"Chinese Dwarf Trees" from Brooklyn Daily Eagle

      "News Items, Chinese Letter" (1864), the last of five paragraphs:

       "A CHINESE GENTEMAN'S [sic] HOUSE -- He first takes us to his country house now uninhabited.  It was the perfect residence of a Chinese gentleman.  There was a very large garden with bamboo hedges and large fishtanks, edged with walls of blue bricks, perforated tiles.  His pigs were in admirable condition, and as beautiful as the Prince Consort's at Windsor.  About the grounds were nutmegs, mangosteens, plantains, cocoanuts, dariens, and small craepers [sic] trained into baskets and pagodas.  Inside the house the drawing-room had doors sliding across a circular opening.  We then went on to this gentleman's private residence, entering by a Chinese triumphal gate.  He tells me he has ten miles of cariage road round his estate.  It is on a fine undulating tract of land reclaimed from the jungle, and laid out with rare taste.  In the outskirts a tiger killed a man the other day.  In his garden I found Jacko, living in a cane cage, next door to a porcupine; there were also some rare birds.  Further on some very small Berhmin [sic] bulls, a Cashmere goat, and a family of young kangaroos.  There were all sorts of unknown beautiful flowers placed about in enormous Chinese vases.  Here I first saw the tea plant growing.  It is of the camelia [sic] tribe, three or four feet high, perhaps, and bears a small white flower like an ordinary rose.  Also I was shown the "moon flower," a kind of rounded convolvulus that only opens at night.  There was a bower of "monkey cups," the pitcher flower which collects water, and from which Jacko refreshes himself in the jungles.  The fan palm produced water by being pierced with a penknife, of a clear cold quantity.  Several minute creepers were trained over wire forms to imitate dragons, with egg shells for their eyes; there were many of the celebrated dwarf trees -- the first I had seen -- little oaks and elms about eighteen inches high, like small withered old men.  The house here was superbly furnished in the English style, but with lanterns all about it.  At six the guests arrived -- mostly English -- all dressed in short jackets and white trowsers.  The dinner was admirably served, in good London style, and all the appointments as regarded plate, glass, wines and dishes, perfect.  The quiet attentive waiting of the little Chinese boys deserved all praise.  After dinner we lounged through the rooms decorated with English prints of the Royal family, statuettes, curiosities from every part of the world, and rare objects in the stone and cracked China. -- Chinese Letter" 1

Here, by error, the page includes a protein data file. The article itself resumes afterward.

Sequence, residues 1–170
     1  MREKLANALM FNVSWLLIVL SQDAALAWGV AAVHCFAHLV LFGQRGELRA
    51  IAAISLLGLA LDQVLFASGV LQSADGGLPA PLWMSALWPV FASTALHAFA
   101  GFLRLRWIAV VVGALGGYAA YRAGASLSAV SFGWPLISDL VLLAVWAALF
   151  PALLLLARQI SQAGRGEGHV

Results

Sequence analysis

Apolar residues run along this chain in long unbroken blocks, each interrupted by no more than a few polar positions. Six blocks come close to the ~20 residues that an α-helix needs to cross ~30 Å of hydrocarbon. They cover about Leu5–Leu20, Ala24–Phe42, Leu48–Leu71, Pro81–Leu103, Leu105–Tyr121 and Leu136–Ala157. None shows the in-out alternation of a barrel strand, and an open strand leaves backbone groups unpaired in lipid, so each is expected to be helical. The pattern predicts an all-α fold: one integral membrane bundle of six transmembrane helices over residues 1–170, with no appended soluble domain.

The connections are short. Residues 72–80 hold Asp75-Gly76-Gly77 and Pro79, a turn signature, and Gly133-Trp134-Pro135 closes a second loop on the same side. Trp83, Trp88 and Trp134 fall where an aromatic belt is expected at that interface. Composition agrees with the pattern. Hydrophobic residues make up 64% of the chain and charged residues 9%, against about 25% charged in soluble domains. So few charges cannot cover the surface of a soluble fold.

1     Brooklyn Daily Eagle, September 1, 1864, pg. 2

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